By Allen Cowgill,
The Colorado Department of Transportation (CDOT) is planning to increase lanes for cars and trucks on I-270 and says this project is about “improvements and safety.” In reality, it will increase pollution in neighborhoods inhabited mostly by people of color and could accelerate climate change by encouraging more people to drive.
CDOT could rapidly increase safety by improving deadly state highways: Federal, Colfax, Colorado, Sheridan, Alameda, and other urban arterials are the deadliest streets in Denver. This isn’t just a Denver problem. From 2009 to 2016, U.S. arterial roads designed to move large volumes of traffic quickly saw a 67% increase in pedestrian fatalities.
What if we don’t change I-270? CDOT’s traffic projections (PPTX file) say travel times would increase by one to six minutes by the year 2040. The budget for this project, $400 million, seems like a ridiculous amount to lower travel times by just a few minutes. That money could be better spent elsewhere, like on Bus Rapid Transit on Federal or Colfax or on finishing the B-Line rail to Boulder.
We know that new lanes bring more traffic. With induced demand, it is only a matter of time before traffic volume returns. A California Air Resources Board report found that every 1 percent increase in urban highway capacity leads to a roughly 1 percent increase in vehicle travel. TREX, the Denver area’s massive interstate expansion on I-25, was a $1.2 billion project that took six years to complete, and it relieved congestion for only five years before traffic returned to pre-construction levels.
Motor vehicles cause 50-90% of air pollution in urban areas. Increasing the number of cars on the road will increase air pollution and poison in our air. Although calls for increasing the number of electric vehicles are laudable for harm reduction, electric vehicles don’t solve the problem: non-exhaust emissions from brakes, tires, and other parts account for 60-73% of particulate matter pollution from cars. CDOT and other advocates for highway expansion have argued that less traffic congestion – faster moving vehicles – means less air pollution. This is simply not true: research has shown that offsets in congestion are negated by new traffic volume due to induced demand. The largest source of greenhouse gas emissions is from cars, trucks, and other vehicles, so highway expansions that put more vehicles on the road can accelerate climate change.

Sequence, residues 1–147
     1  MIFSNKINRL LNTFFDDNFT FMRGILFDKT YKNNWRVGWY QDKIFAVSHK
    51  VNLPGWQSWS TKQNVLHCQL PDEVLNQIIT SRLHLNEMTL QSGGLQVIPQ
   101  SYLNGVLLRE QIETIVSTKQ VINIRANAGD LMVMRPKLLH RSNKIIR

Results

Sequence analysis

Many studies have shown negative health impacts and shorter life expectancy associated with living near highways. Living near major roads or highways is linked to higher incidence of multiple diseases including dementia, Parkinson’s disease, Alzheimer’s disease, and multiple sclerosis. Recent research from the Colorado Department of Public Health and Environment found a potential link between air pollution and COVID deaths.
People who live near this highway expansion will be disproportionately impacted, and those people are predominantly people of color. The students at Adams City High School, which serves neighborhoods surrounding I-270, are 87% Latino. The systematic racism that planned these highways through communities of color in the past is still alive and well as it expands highways through these communities today. The I-270 expansion will continue to burden communities already disproportionately impacted by poor air quality. (See: Suncor refinery)
Expanding I-270 is not an improvement. It will kill more community members, mostly Latinos, over time with poisoned air and is effectively arson in the fight against climate change. I-270 is not the only planned expansion that will impact communities of color in Denver. A Central I-70 expansion is under construction in Elyria-Swansea, and CDOT is planning to expand Santa Fe Drive. CDOT also plans to add lanes to I-25 through Denver, which will impact Denver’s poorest neighborhood, Sun Valley.
These highway expansions are at odds with climate change mitigation, equity, and clean air. They are a waste of taxpayer dollars and will do little to reduce long-term congestion.
Editor’s note: You can share your thoughts about I-270 with CDOT at www.codot.gov/projects/i270.